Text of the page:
CHARLIE ROSE: The core of your philosophy is you have to convince the Afghan people that they have a reason to believe that they can live in peace with some security and some manner of governance that protects them?
GENERAL STANLEY MCCHRYSTAL, U.S. Commander in Afghanistan: Absolutely. At the end of the day, the people who judge success or failure will be the Afghan people, who will make decisions on how they go forward, who they support. So, it’s critical that we convince them that their government can protect them and will protect them, and then meet their basic needs.
CHARLIE ROSE: What’s the metric? How do you measure that?
GENERAL STANLEY MCCHRYSTAL: There are a number of ways, Charlie. One, of course, is polling. You ask them. But there are a number of other ways as well. People make decisions that reflect their outlook on the future, whether a farmer plants a crop, whether someone makes an investment, whether individuals will join the government, whether they will bet their future with the government, join the police, join the army, in fact, join the government, accept a government position. All of those are indicators of confidence. When they believe that things are going in that direction they make very, very important life decisions. And we try to look at all of those.
CHARLIE ROSE: Why are you confident that President Karzai, with all the allegations of fraud, with all the allegations of members of his family, is going to be up to the task that you have given him, that the Afghan people are expecting from him?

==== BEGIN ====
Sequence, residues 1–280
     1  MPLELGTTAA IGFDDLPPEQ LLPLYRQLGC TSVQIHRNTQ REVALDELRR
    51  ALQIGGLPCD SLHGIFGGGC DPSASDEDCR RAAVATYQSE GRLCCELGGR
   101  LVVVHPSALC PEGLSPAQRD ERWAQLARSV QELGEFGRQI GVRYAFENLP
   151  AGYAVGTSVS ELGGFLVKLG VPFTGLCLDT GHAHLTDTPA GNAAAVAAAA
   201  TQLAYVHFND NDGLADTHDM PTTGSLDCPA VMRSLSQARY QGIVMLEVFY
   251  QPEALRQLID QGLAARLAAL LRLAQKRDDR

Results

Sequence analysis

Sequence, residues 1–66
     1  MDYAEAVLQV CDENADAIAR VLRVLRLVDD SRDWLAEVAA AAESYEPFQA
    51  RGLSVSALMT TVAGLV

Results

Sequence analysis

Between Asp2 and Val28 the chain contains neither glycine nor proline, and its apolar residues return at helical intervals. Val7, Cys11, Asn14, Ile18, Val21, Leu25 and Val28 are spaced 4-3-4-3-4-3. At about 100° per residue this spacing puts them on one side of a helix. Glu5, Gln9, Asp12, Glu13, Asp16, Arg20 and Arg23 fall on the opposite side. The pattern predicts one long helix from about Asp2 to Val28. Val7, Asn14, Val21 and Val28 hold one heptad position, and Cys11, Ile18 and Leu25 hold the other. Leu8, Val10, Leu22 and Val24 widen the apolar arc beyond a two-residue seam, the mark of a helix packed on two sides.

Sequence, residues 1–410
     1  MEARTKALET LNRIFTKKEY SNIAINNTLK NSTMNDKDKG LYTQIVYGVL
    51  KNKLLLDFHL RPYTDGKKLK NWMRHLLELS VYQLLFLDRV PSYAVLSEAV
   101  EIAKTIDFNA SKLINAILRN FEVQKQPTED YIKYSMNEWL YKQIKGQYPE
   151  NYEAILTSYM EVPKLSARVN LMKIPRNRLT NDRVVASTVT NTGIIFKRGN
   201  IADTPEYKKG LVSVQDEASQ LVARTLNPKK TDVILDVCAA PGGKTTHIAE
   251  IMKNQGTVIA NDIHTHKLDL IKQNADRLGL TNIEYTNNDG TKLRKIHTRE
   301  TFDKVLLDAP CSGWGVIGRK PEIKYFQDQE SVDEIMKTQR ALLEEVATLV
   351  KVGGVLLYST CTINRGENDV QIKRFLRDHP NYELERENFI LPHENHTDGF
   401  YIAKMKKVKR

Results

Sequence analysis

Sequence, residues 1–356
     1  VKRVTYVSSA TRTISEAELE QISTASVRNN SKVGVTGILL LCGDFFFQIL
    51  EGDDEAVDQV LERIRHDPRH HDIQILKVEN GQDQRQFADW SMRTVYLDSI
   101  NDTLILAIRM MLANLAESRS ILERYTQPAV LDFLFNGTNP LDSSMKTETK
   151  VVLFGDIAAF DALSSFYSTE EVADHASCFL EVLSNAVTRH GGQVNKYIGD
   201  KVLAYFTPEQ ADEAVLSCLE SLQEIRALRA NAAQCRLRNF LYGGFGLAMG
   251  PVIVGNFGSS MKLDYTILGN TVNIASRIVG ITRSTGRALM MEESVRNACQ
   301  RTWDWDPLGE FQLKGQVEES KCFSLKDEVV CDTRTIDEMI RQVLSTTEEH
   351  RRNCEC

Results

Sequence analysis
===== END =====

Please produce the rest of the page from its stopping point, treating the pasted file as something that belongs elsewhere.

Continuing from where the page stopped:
GENERAL STANLEY MCCHRYSTAL: I think your last point is key. I think President Karzai absolutely understands what the Afghan people desire from him and expect of him. And I think he has a deeply held sense of responsibility to deliver for them. And I don’t believe that the government is one man. No government is. I think that the government of Afghanistan has a tremendous number of leaders who come together as a team, just like the ISAF command is certainly not me. It’s a team of people. And I think that that government increasingly is focused on providing for the Afghan people, and so I’m confident that they will move forward in a good partnership.
CHARLIE ROSE: But this is the same people who everybody accuses of being in a massive fraudulent election. And so all of a sudden, even though they did that, you now believe that they can take confidence-building measures with the Afghan people.
GENERAL STANLEY MCCHRYSTAL: There are clearly steps that have got to be taken.
CHARLIE ROSE: Yes. And that’s what I want to know.
GENERAL STANLEY MCCHRYSTAL: Absolutely. There have got to be steps taken to reduce corruption, particularly high-profile corruption. There is a perception in many in the population that there is a sense of protection of many corrupt officials by the government, and that’s got to be wiped away. That’s got to be directly addressed, although I know that it’s difficult to do that. They’re going to have to take that on to regain their credibility with the people.
JIM LEHRER: McChrystal said, the next 18 months will be decisive in reversing the Taliban’s momentum in Afghanistan.